Provenance: A private Massachusetts collection.
N.B. Celebrity is the human equivalent of commercial consumerism, as we are reminded by The National Inquirer and People magazine. Warhol's visual commentaries on popular culture in the late 1950s and early 1960s made the artist himself into a pop icon. His name has become a household word - a commodity - not unlike Campbell's Soup. The choice of The Rolling Stone's lead singer Mick Jagger as a subject continued the trend that Warhol began with personalities like Marilyn Monroe and Elvis Presley.
Warhol created the concept for The Stone's Sticky Fingers album cover of 1971. In the 1960s and 1970s, album covers were as much art as they were marketing, so it is not surprising that Warhol would be interested in such a task. Instantly recognizable as a strutting bad boy of rock in this 1975 print, Jagger's image is given the now-classic Warhol treatment of screenprinting and color blocking. The print is signed not only by the artist, but by the rock star as well. The inclusion of Jagger's signature hints at the collectability of rock and roll memorabilia.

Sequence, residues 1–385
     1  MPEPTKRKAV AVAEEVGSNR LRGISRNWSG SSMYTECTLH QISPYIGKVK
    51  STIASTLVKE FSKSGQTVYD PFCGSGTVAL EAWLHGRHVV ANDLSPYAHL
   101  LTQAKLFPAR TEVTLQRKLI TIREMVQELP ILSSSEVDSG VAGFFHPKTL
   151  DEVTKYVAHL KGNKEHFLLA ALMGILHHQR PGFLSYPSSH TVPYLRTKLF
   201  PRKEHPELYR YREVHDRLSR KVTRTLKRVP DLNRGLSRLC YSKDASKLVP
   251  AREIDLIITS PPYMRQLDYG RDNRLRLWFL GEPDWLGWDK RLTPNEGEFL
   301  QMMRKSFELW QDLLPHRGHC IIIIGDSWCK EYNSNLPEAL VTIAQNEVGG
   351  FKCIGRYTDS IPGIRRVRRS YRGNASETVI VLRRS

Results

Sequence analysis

Mick Jagger, from the portfolio Mick Jagger, 1975, edition of 250 plus proofs, printed by Alexander Heinrici, New York, published by Seabird Editions, London (Feldman & Schellmann, II.145). Signed "/Andy Warhol" in felt-tip pen l.r., signed "Mick Jagger" in thick felt-tip pen l.l., numbered "87/250" in pencil l.l. Color screenprint on heavy watercolor-style paper, sheet size 43 1/2 x 29 in. (110.5 x 73.6 cm)